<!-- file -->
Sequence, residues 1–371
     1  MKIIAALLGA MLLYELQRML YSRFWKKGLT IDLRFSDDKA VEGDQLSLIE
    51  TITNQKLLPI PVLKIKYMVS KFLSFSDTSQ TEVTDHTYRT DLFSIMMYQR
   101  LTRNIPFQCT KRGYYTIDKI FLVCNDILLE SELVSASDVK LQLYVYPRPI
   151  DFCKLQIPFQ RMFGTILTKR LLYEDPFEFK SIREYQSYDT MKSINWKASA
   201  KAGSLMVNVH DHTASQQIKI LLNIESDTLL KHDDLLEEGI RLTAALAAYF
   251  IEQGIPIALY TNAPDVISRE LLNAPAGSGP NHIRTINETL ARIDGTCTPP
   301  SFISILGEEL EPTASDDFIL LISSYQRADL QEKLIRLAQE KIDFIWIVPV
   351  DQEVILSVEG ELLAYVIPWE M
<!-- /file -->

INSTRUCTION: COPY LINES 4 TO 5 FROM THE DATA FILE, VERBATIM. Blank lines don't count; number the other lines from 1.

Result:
   101  LTRNIPFQCT KRGYYTIDKI FLVCNDILLE SELVSASDVK LQLYVYPRPI
   151  DFCKLQIPFQ RMFGTILTKR LLYEDPFEFK SIREYQSYDT MKSINWKASA